Residential Status: For an expat, the residential status is to be determined as per two views, that is, the Income Tax Act and the DTAA. There are certain instances where the expat may be a resident of both countries as per the relevant taxation laws. This gives rise to the ‘Tie Breaker Rule’. The factors to be considered for this are as follows:-

FactorsDescription
(i)  Permanent homeThe country in which he/she has a permanent home available to him/her
(ii) Centre of vital interestThe country with which his/her personal and economic relations are closer
(iii) Habitual abodeThe country in which he/she has a habitual abode
(iv) NationalityCountry of which he/ she is a national
(v) Competent authoritiesAs determined by mutual agreement between both the countries competent authorities

The basic rule of taxation of salary income is that salary is taxable in the country where the employee is physically present while rendering services.

Deemed Tax Residents: An individual who is an Indian citizen shall be deemed to be a resident of India in the previous year if he is not liable to pay tax in any other country or territory.

Scope of Income:

ResidentNot Ordinarily ResidentNon Resident
All income earned globallyIncome received in IndiaIncome received in India
  Income sourced from IndiaIncome sourced from India
 Income from a business that is controlled from India 

Provident Fund and SSA: According to the provisions of the PF scheme, the employer, as well as an employee, will contribute 12% of monthly pay (as defined in the EPF and MP Act). Out of the employer’s contribution, 8.33% of monthly pay will be towards the pension fund, and balance 3.67% will be towards Provident Fund. The interest rate applicable to the EPF contributions is 8.5% for FY 2020-21. Salary will include the total salary whether received in India or abroad.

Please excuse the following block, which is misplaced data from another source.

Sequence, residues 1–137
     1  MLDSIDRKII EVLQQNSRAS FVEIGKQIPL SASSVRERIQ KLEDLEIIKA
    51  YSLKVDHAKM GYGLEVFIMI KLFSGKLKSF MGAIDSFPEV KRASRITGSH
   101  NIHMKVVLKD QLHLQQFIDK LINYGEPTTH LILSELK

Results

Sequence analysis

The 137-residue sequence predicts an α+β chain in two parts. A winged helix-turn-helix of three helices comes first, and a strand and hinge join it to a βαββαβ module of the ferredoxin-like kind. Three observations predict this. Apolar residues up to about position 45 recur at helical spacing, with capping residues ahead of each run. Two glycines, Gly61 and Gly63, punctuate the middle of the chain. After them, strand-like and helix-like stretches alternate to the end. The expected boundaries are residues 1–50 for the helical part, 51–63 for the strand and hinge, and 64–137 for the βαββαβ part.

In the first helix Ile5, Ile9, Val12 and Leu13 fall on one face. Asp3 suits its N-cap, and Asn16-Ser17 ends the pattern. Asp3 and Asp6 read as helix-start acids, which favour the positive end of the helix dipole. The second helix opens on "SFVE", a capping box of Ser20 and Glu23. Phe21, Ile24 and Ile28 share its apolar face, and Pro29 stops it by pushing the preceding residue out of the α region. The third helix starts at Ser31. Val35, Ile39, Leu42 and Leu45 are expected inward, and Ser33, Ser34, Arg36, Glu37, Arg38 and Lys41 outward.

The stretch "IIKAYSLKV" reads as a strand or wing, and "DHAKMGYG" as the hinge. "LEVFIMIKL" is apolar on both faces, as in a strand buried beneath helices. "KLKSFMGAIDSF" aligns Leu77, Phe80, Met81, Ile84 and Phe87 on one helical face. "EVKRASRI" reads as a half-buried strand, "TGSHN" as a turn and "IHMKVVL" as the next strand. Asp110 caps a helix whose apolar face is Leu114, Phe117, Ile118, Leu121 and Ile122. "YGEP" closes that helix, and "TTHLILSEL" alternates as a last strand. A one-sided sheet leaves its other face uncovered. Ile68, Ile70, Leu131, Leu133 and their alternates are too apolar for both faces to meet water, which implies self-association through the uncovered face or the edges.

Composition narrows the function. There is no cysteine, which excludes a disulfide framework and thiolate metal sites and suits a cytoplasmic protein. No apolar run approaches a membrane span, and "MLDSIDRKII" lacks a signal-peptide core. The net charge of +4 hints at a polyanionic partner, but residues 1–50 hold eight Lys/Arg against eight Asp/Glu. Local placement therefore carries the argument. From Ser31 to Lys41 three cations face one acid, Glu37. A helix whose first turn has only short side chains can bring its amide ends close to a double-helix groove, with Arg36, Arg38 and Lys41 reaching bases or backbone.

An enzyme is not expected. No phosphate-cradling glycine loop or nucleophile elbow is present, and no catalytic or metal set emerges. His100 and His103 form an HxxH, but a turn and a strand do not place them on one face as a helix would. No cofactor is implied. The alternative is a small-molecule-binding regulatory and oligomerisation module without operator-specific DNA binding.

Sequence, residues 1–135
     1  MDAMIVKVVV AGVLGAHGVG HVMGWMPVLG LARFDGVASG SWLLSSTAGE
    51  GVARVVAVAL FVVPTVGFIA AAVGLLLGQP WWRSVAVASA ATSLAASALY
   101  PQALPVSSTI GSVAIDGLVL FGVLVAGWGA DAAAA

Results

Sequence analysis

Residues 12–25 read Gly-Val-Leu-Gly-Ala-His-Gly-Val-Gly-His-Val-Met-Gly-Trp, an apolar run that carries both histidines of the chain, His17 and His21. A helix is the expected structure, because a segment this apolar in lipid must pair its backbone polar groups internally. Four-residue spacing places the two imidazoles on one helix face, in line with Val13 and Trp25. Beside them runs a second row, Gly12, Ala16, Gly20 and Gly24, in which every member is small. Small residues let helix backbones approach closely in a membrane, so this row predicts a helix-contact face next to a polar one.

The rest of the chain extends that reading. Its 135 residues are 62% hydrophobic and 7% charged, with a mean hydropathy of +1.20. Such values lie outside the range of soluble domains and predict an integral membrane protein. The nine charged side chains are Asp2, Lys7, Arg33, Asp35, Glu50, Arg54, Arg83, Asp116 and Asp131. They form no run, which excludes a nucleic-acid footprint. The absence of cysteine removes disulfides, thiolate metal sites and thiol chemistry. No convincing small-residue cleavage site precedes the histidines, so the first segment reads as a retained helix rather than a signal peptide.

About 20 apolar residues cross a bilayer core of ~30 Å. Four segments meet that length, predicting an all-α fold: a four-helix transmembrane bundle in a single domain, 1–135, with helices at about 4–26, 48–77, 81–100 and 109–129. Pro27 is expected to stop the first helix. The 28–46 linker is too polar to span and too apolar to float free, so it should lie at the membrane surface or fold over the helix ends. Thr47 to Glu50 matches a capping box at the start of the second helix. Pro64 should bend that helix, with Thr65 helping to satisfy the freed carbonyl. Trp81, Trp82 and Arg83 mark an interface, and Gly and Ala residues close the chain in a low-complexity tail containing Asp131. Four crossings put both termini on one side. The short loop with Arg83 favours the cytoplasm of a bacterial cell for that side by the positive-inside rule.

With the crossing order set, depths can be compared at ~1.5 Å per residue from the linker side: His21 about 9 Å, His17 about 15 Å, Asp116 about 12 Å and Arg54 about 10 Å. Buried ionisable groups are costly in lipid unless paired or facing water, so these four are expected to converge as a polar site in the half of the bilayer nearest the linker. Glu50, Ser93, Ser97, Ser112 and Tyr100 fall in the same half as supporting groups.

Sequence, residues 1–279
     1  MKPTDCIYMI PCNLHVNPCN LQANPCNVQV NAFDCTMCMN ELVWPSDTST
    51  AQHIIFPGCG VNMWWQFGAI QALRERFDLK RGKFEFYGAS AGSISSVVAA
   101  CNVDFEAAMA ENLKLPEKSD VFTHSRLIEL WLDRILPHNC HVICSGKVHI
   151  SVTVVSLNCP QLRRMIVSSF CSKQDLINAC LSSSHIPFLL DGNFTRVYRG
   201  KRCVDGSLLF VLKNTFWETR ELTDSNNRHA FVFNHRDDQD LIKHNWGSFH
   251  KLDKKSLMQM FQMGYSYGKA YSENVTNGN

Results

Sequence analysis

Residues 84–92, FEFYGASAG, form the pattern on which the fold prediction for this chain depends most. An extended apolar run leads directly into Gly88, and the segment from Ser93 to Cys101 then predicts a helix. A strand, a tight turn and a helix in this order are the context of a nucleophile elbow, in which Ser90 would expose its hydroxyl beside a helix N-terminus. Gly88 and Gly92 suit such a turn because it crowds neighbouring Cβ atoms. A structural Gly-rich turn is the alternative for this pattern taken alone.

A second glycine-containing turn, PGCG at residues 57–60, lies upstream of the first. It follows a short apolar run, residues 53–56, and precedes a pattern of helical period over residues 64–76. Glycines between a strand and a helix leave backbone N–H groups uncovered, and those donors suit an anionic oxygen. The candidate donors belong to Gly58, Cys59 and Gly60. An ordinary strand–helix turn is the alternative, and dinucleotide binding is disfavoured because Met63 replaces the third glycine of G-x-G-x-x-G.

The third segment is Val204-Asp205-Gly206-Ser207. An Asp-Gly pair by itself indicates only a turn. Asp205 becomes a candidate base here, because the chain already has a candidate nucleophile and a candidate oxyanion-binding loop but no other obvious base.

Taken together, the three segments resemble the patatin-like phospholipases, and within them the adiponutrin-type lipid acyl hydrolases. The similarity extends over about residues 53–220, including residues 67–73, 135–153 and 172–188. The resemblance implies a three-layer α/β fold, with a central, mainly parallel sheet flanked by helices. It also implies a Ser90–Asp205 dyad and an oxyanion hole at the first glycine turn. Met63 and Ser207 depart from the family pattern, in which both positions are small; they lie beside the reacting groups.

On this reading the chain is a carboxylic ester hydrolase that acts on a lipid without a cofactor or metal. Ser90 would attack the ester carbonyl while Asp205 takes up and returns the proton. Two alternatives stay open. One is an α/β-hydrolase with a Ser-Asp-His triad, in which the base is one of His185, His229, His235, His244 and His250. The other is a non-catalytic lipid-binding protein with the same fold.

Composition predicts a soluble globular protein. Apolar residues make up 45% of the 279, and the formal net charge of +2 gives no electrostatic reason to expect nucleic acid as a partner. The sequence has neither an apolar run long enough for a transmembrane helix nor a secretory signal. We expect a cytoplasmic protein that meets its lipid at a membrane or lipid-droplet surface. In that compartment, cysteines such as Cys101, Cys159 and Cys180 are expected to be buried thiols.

For an international worker, if he is from a country with whom India has signed a Social Security Agreement (SSA) and has a Certificate of Coverage from the home country, he need not contribute to the social security in India provided he furnishes the COC to the PF authorities.

BasisPF WithdrawalPension Withdrawal
Where an SSA existsAs per the SSA provisionsAs per the SSA provisions
No SSA exists·   On retirement from services after attaining an age of 58 years·   On retirement on account of permanent incapacitation specified by a medical practitioner·       After the attainment of 58 years of age subject to the satisfaction of the necessary conditions

Per Diem Allowance/Daily Allowance: In order to compensate employees for the living changes, they have to endure as they take on an assignment in foreign countries, a daily allowance over and above the salary is paid to them. The Income Tax Rules state that any ordinary daily allowance paid, while on tour, is exempt insofar as it is incurred for the purpose of daily living expenses.

Employees Stock Option Plan (ESOP): As far as ESOP is concerned, shares issued under ESOP are taxable in the hands of the employees at the time at which they are exercised.

Taxability of expatriates, as a whole, is a rather interesting area which has seen various amendments take place over the past few years especially. Significant efforts have been made to ensure that more clarity has been provided regarding the taxability of such persons and other foreign nationals.

Disclaimer: The materials provided herein are solely for information purposes. No attorney-client relationship is created when you access or use the site or the materials. The information presented on this site does not constitute legal or professional advice and should not be relied upon for such purposes or used as a substitute for legal advice from an attorney licensed in your state.